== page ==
PITTSBURGH -- — Once back in their locker room, Houston's players emptied their water bottles on coach Kelvin Sampson, who peeled off his shirt for the celebratory dousing.
A sweet soaking indeed.
Taze Moore scored 21 points and Jamal Shead added 18 as the Cougars, a Final Four team last season, advanced in the South Region of the NCAA Tournament with a 68-53 win Sunday over Illinois, ousted in the opening weekend for the second straight year.
The fifth-seeded Cougars (31-5) are making another serious run at a national title despite losing their two best players to season-ending injuries. Now, with a trio of transfers and a defense with some serious teeth, they're headed home to Texas for the next round — in San Antonio, against either Arizona or TCU.
“It’s our heart,” Shead said when asked about this team's toughness. "We don’t want to lose. We want to win for each other. We love each other so much, these guys are like my brothers, you know, it goes way beyond basketball.
“We want to keep it going as long as we possibly can.”
Kyler Edwards added 15 points for Houston, a team often overlooked but making major noise again this March.
With Houston's fans chanting “Sweet 16, Sweet 16” in the closing seconds, Edwards dropped one last 3-pointer from the corner and seconds later lifted Moore, another of Houston's transfers, off the floor.
The Cougars faced major adversity in December when guards Marcus Sasser and Tramon Mark, two of the holdovers from last year's talented squad, were lost to injuries. But instead of folding, Houston's players formed an even tighter bond.
“We got a brand-new bunch,” Sampson said, dried off and fully dressed. “But the culture never changes. Because they’re great kids and they’re high-character kids, they buy in. It’s never about them. Our program is always about we and us, and that’s what happens when you have great kids.”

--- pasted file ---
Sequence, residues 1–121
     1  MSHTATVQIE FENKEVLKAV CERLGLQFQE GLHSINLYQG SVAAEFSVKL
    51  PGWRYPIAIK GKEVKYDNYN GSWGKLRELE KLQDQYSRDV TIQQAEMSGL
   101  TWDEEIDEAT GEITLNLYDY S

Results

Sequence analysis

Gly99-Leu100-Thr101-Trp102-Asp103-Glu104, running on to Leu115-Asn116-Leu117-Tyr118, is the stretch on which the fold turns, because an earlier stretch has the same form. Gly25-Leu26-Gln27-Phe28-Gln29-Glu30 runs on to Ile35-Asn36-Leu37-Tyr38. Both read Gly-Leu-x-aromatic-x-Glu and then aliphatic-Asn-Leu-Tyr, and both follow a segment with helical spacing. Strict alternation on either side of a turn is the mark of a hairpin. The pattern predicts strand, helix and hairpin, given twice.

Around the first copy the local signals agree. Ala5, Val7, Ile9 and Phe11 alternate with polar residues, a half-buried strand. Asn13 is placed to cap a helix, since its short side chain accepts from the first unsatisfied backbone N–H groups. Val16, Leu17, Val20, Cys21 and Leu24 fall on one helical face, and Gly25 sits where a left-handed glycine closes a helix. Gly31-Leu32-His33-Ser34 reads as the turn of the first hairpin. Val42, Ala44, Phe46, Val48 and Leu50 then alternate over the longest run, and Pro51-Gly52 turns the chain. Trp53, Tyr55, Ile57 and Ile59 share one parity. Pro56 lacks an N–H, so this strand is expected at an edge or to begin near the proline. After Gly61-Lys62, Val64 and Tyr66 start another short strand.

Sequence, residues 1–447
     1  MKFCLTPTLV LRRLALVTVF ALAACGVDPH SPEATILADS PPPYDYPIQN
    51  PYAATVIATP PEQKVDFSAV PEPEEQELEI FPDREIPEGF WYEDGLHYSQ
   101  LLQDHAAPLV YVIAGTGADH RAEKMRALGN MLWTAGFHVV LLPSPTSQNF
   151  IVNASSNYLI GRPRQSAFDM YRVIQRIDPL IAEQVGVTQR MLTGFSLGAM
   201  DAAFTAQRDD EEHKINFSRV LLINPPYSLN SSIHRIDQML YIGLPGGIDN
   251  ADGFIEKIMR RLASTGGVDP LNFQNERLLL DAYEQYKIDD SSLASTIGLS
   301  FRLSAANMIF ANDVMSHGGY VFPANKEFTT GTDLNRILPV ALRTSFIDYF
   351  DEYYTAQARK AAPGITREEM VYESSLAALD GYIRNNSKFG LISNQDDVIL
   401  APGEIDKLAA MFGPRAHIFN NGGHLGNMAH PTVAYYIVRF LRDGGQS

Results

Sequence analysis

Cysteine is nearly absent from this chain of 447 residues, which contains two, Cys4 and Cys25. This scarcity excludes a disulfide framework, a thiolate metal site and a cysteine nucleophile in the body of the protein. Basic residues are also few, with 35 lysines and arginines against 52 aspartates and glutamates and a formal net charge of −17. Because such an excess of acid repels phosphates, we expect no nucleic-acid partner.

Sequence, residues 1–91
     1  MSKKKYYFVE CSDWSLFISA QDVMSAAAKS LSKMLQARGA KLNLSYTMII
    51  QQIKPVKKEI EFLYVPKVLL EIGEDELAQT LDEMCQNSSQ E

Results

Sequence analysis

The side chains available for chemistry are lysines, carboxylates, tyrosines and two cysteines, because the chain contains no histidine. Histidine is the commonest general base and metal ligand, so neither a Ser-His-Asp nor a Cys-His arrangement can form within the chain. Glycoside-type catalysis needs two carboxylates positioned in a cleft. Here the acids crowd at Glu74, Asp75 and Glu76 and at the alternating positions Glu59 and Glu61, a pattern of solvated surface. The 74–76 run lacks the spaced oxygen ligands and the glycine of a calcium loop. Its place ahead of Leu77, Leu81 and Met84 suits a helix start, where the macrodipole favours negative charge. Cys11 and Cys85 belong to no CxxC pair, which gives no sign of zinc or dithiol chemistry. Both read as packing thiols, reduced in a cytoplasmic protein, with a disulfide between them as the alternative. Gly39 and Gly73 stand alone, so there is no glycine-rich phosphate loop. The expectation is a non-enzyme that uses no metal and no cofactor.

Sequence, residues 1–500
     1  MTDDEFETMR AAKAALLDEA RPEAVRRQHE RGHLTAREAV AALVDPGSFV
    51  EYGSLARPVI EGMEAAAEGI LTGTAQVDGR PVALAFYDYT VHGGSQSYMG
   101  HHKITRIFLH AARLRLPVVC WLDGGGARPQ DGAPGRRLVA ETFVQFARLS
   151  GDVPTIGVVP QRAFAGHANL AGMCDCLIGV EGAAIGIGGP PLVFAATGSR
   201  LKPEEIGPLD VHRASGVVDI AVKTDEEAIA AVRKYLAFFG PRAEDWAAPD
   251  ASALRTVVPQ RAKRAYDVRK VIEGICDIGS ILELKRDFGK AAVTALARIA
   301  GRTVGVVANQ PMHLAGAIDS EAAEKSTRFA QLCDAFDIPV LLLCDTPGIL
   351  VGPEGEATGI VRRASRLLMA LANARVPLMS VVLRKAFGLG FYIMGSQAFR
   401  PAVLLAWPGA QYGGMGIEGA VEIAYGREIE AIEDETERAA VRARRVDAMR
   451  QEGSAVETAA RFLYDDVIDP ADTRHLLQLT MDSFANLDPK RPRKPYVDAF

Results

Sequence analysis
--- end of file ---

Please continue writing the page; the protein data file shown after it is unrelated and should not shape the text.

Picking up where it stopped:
For Illinois, it's another year of deep disappointment. The fourth-seeded Fighting Illini (23-10) were determined to go farther after being bumped by Loyola Chicago last year, but couldn't get past the second round again.
All-American center Kofi Cockburn did his part, scoring 19 in 38 minutes to lead Illinois. The big man spurned the NBA last year for a shot at some tournament redemption, only to come up short in what was likely his last college game.
“It hurts really bad, especially for the guys that’s leaving,” Cockburn said. “We always want to leave with with a good feeling, you know? We fell short. Can’t really put it into words.”
Illinois coach Brad Underwood credited Houston's defense, but didn't have an answer for his team's poor shooting (6 of 25 on 3s) or turnovers (17). He got a nice lift from freshmen Luke Goode and RJ Melendez, but not enough from his other regulars.
“We didn’t play very well. We didn’t shoot it very well,” Underwood said. “We played well enough; we didn’t shoot it very well. You look at our two games here, and we just shot it terrible.
"We got great shots, we just couldn’t make them.”
Down by 12 in the first half, Illinois battled back and was within 56-49 after Alfonso Plummer's four-point play.
But after Shead hit a floater, Houston's Fabian White Jr. made the play of the game by racing into the backcourt and swatting the ball before it went out of bounds with his left hand to Moore for a layup.
“Culture play, that’s what we call it,” Sampson said. "Those are culture plays. Whenever we watch film, we do edits. We always end our film sessions with culture plays. Everybody wants to be on the edit.
“There were three guys involved in that play. Somebody made a great effort play on the baseline, Fabian made a great effort play, and next thing you know, Taze is getting a layup.”
As Illinois was fighting back, Melendez was called for a questionable technical foul by referee Brian O'Connell for hanging on the rim after a dunk.
The bucket brought the Illini within four in the final 10 minutes, but the call seemed to have a negative effect.
Melendez said he didn't get an explanation.
Underwood was both puzzled and perturbed by the call
“I can’t wait to see it,” Underwood said. "He (O'Connell) told me he shouldn’t ever have called it, but in the moment he calls it. Maybe it’s personal, I don’t know. When a kid has a full head of steam going 100 miles an hour, and we all talk about safety and well-being of student-athletes, come on.
“And then to kill momentum like that? Horrible.”